So here's some more details. I don't want to burst the readings. Here's the flow.
read MUX channel 0
wait 230 ms
read MUX channel 1
read MUX channel 7
..... and it starts all over again.
By biggest worry is that this algorithm is operating asynchronously with respect to the ADC conversion cycle. I may poll for DRDY and find it true(0) just before DRDY goes high and then read the DOR while the data is changing. The 230 mS wait has a range of 5 ms (225 to 230) based on when you ask for the wait withing the 5 ms operating system clock tick window.
So I guess the BIG question is. How do I sync up this software algorithm with the ADC hardware?
I guess I could use the DSYNC command in conjunction with the fact that the DRDY period for this configuration is a constant 33ms controlled by the crystal. Then I can put my processor wait centered into the DRDY low period so that I know it will be OK to read the DOR.Then I don't even poll for DRDY because I know I'm sync'ed.
What do you think about this algorithm....
1. read the DOR (this would yield garbage on the very first reading but I'll throw it away)
2. issue the DSYNC
3. change the MUX channel
4. wait 6.5 DRDY periods (6.5 * 33ms = 215ms - range of 210 to 215 ms) - 6 conversion cycles has no settling time issues.
I would follow your last plan, and ditch the polling. The only difference is swap 2 and 3. You want to change the mux first, then sync.
Thanks for the feedback. I put the commands in that order based on this statement regarding DSYNC in the data sheet. How do you interpret this?
My interpretation is the chip is held in reset until it gets another command. The first SCLK of the next command pulls it out of reset. So I used the MUX command get it out of reset. My software driver can't provide a single clock after DSYNC is issues because it's a byte oriented driver.
from the data sheet, page 14 DSYNC Operation
When the DSYNC command is sent, the digital filter is reseton the edge of the last SCLK of the DSYNC command. Themodulator is held in RESET until the next edge of SCLK isdetected. Synchronization occurs on the next rising edge ofthe system clock after the first SCLK following the DSYNCcommand.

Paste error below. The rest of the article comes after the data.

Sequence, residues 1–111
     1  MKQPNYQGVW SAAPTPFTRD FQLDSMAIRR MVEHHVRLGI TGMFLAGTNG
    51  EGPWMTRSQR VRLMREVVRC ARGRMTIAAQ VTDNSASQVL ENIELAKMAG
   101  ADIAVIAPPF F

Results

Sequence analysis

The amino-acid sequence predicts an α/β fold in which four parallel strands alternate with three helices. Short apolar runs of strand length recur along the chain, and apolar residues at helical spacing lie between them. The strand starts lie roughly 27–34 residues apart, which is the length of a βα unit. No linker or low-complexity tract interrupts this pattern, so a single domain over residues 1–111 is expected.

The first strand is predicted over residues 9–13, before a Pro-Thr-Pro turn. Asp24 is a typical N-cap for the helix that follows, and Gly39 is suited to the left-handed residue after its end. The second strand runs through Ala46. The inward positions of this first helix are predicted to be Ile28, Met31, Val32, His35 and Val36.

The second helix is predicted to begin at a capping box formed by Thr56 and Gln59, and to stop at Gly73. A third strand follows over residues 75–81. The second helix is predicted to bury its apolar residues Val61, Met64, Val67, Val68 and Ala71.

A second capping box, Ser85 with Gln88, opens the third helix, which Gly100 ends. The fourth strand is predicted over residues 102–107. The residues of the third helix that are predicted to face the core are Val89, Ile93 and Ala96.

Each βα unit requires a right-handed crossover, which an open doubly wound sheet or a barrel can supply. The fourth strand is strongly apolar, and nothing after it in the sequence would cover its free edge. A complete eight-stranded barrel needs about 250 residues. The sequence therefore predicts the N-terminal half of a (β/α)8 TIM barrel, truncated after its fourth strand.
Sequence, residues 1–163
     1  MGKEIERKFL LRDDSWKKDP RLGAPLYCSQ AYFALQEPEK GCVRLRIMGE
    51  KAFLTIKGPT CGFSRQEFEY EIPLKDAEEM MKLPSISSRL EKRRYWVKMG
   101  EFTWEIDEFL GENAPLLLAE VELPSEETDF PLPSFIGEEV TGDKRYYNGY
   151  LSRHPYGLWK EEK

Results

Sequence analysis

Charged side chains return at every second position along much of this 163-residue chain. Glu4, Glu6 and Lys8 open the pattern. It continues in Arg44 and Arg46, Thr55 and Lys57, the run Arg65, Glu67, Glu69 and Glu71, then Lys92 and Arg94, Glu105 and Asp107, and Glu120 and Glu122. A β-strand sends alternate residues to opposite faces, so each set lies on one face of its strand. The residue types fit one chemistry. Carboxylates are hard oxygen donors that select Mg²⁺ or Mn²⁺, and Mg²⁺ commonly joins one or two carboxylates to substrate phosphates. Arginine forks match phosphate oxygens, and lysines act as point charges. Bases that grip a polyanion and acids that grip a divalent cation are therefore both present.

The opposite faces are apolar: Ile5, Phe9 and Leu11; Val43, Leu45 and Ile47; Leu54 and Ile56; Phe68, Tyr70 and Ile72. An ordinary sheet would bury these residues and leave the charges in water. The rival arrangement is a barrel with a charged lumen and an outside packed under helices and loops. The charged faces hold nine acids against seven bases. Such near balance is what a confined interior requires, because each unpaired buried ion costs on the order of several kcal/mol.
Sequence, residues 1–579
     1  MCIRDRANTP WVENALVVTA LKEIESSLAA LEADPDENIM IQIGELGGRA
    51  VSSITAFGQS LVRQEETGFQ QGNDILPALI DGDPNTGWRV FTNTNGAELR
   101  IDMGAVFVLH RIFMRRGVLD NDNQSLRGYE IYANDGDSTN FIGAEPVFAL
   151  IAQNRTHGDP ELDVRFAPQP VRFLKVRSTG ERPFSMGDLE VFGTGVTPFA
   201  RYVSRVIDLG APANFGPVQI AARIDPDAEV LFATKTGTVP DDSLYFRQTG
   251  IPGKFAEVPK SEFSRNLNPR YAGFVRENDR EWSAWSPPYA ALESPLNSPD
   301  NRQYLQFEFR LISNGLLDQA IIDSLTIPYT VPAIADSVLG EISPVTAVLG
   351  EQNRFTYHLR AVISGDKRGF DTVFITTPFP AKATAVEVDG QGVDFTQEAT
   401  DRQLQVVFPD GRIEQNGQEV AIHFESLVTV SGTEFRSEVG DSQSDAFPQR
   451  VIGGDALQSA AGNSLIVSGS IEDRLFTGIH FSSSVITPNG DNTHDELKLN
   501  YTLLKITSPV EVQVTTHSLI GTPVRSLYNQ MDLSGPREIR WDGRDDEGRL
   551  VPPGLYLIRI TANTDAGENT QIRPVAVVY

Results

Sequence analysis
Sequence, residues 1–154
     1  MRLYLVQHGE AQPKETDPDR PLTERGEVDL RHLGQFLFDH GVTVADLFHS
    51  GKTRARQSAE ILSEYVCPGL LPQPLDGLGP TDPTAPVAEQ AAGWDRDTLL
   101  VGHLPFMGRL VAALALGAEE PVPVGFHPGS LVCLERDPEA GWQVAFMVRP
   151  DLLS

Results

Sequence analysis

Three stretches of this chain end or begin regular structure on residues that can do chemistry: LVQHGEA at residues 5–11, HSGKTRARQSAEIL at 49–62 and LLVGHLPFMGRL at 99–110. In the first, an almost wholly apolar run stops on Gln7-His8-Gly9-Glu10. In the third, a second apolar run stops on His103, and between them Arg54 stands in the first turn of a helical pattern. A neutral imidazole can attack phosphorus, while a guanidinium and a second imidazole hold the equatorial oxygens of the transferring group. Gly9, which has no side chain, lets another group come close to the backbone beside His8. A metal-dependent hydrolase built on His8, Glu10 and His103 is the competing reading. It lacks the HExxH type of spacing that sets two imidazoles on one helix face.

My mistake...you are correct. I forgot this part uses the SCLK edge to start the conversion.
One last question. On my scope trace I see DRDY go high for either 16 ms or 32 ms on the last clock of the read DOR command. Is there an explanation of why this happens? And do I need to worry about the state of DRDY before I issue the DSYNC command or can issue DSYNC while DRDY is high?
Thanks again for all your help. I wish some of this was in the data sheet.
I can't really say why you see those two values. It may just be due to the timing of where you do the reads in relation to the conversion cycle. In one case you may be reading at the beginning of the conversion, and another mid cycle.
Once I have tested my fixes and have a working system I will post the solution. Thanks for all your help.
Here's the solution for measuring one channel at a time using only the registers. You must calculate the DRDY period from the equation on page 22 in the data sheet that defines fdata (data rate).
1. write the DSYNC command (0xFC) to restart the DRDY timing cycle
2. write the MUX register (0x51,0x00) to select the MUX and also releases DRDY on the first clock (see DSYNC command)
3. wait at least 1.0 DRDY period plus some guard band depending on factor like timer accuracy. I put a 15 ms guard band because my OS clock is 5 ms resolution.
4. read the DOR register (0x1)
Works great! Thanks again Bob for all your explanations that got me here.